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Melanesians Carry Genes Of Unidentified Extinct Human Species

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People from Melanesia, a region in the South Pacific, carry genes of a yet-to-be-identified extinct human species, suggest findings of a new study presented at the American Society of Human Genetics meeting in Canada on Oct. 20.

University of Texas MD Anderson Cancer Center statistical geneticist Ryan Bohlender said that the hominid species is not likely Neanderthal or Denisovan but one that belongs to a third but related branch of family tree that produced the Neanderthals and the Denisovans, an extinct distant relative of Neanderthals known only from DNA collected from a finger bone and teeth that were discovered in a Siberian cave.

"We're missing a population or we're misunderstanding something about the relationships," Bohlender said.

An earlier study, which was published in the journal Science in March this year, provided evidence that prehistoric human ancestors interbred with Neanderthals and Denisovans hundreds of thousands of years earlier. It found that the genes of the Denisovans and Neanderthals that interbred with the prehistoric human ancestors exist among modern-day Asians, Europeans and Melanesians.

Research suggests that the interbreeding is possibly behind some characteristics of modern-day humans, which include skin color, rate of metabolism and even risks for smoking addiction and depression. Allergies may also be blamed on the presence of Neanderthal DNA.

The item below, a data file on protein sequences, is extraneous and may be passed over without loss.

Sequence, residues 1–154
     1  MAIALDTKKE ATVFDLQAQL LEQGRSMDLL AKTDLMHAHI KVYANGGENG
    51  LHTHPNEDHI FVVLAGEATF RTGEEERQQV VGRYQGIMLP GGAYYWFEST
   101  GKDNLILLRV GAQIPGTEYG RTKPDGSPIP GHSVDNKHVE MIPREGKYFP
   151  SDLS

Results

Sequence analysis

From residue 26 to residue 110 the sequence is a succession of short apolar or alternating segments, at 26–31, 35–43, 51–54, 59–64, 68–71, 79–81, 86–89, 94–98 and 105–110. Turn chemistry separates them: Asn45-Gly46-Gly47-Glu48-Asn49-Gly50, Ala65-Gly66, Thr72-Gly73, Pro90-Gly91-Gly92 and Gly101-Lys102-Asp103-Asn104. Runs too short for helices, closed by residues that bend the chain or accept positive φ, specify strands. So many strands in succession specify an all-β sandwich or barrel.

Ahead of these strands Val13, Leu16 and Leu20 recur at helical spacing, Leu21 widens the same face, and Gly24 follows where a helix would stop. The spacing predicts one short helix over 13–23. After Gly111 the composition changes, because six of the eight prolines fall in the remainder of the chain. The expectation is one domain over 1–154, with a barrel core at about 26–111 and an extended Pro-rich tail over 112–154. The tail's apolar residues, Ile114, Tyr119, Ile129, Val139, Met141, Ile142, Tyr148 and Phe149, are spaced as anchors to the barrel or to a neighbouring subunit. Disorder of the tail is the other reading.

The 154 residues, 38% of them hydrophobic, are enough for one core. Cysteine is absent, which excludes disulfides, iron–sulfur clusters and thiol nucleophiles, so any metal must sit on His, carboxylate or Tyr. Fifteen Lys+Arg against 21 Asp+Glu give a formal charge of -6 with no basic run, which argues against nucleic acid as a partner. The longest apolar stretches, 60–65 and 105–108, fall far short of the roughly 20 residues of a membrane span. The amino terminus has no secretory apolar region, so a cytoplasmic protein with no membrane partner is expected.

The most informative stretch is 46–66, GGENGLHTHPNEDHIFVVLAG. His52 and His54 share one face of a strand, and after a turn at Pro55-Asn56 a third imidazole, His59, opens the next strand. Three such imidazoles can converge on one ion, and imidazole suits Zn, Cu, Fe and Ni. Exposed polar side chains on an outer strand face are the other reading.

For the new study, Bohlender's team wanted to know the amount the amount of Denisovan and Neanderthal DNA that humans carry up to this day. Using a computer model for their analysis, they found that Chinese and Europeans carry about 2.8 percent of Neanderthal DNA.

The researchers likewise found that the modern settlers in the South Pacific regions have 2.74 percent of their DNA coming from Neanderthals.

The researchers estimate that the Denisovan DNA present in these people is as low as around 1.11 percent, which is lower compared with estimates of other researchers that range between 3 and 6 percent.

The findings led Bohlender and his colleagues to conclude that a third group of hominids has possibly bred with the ancestors of the Melanesians.

The Neanderthals and Denisovans are hominid species that migrated out of Africa about 300,000 years ago and settled in Europe and some parts of Western Asia.

"One important insight stems from the observation that modern non-Africans and archaic populations share more derived alleles than they should if there was no admixture between them," Bohlender said, citing that sequencing of complete Neanderthal and Denisovan genomes offers insights into human history.

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